Anne: I like that perspective.

Carol: Yeah, let them… They need to vent, they need to kind of clear with talking and getting validation. So just rather than getting into it with them and, “Let’s really look at this,” just go, “It’ll probably blow over.” You know, I just need to help her, like, lighten up a little?

Anne: Maybe even laugh about it a bit.

Carol: You know, “You’re okay. It’s fine. It’s not that big a deal.”

Anne: Yeah, I like that insight. So remembering the basics. Primary need, have fun and happy parents. Primary movement, upward and alight.

Carol: And there’s a phrase that each Type really benefits from. You’ll notice that… I’ve seen this for years as I’ve taught the different tendencies of the 4 Types, Type 1s, their go-to word in any form of acknowledgment, agreement, affirmation is fun. That’s so fun. They’ll even… In our Dressing Your Truth space, we’ll see women, you know, if they like a garment, a style…

Anne: “Oh, that’s so fun.”

Carol: …of hair, they’ll say about it, they say, “Ooh, I really like that shirt.” They’ll say, “That’s so fun.” So fun is a reference to…

Anne: It’s a descriptive word.

Carol: …it’s a good thing. It’s a very positive thing in their world. It’s an acknowledgment. So why not use it with them? “You’re such a fun child.” Use the word they use to validate and they feel very honored.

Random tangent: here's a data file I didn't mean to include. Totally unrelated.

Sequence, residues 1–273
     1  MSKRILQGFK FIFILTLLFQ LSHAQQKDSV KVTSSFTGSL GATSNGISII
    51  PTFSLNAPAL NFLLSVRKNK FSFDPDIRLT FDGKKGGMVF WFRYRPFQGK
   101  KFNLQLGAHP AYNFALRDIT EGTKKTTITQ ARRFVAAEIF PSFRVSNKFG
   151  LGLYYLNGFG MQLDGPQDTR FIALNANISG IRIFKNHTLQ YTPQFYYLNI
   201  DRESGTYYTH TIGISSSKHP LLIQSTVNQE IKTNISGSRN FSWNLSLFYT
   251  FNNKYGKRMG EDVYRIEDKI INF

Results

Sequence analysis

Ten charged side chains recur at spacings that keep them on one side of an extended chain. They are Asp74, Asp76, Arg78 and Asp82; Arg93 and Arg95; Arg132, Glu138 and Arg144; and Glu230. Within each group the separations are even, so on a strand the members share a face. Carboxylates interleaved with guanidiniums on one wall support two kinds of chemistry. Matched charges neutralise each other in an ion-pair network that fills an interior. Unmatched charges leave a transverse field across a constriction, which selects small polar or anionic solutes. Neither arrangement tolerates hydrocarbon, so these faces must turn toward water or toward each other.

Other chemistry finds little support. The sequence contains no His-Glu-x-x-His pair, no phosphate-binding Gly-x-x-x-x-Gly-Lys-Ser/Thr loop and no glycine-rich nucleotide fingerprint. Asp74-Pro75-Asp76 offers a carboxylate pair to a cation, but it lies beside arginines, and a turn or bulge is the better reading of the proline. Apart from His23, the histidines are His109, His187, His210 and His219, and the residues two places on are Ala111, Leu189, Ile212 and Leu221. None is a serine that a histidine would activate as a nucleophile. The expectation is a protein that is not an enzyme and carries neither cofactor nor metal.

Anne: Yeah, you could even, when they bring home like an assignment from school or a project, “Oh, that’s so fun.”

Carol: “Look, you got an A, that’s so fun.”

Anne: Yeah, which isn’t the first word I would use.

Carol: No, no, I’m like… But that’s their language to affirm their world. And that speaks to them then. These again, are not… You get a parent… We tend to make it harder than it needs to be.

Anne: Sometimes overthinking.

Carol: And it’s like, simple, simple, simple. It’s simple to do these things. And you do these simple practices, you get huge return for them over the years of your relationship with your child.

Anne: Your parenting practice this week is to put this into practice. Which of these can you start doing? What are you not doing? What aha did you have while listening that you can start doing and create more fun with your Type 1 child? Look forward to the rest of the Types’ podcasts coming up.

Carol: Thanks for listening. For more support, go to thechildwhisperer.com where you can purchase the book, subscribe to our weekly parenting practice e-mail, and find a transcription and audio of “The Child Whisperer” podcast.

Anne: If you’re listening on iTunes, thank you for leaving a review. If you have a parenting question, please send it to [email protected].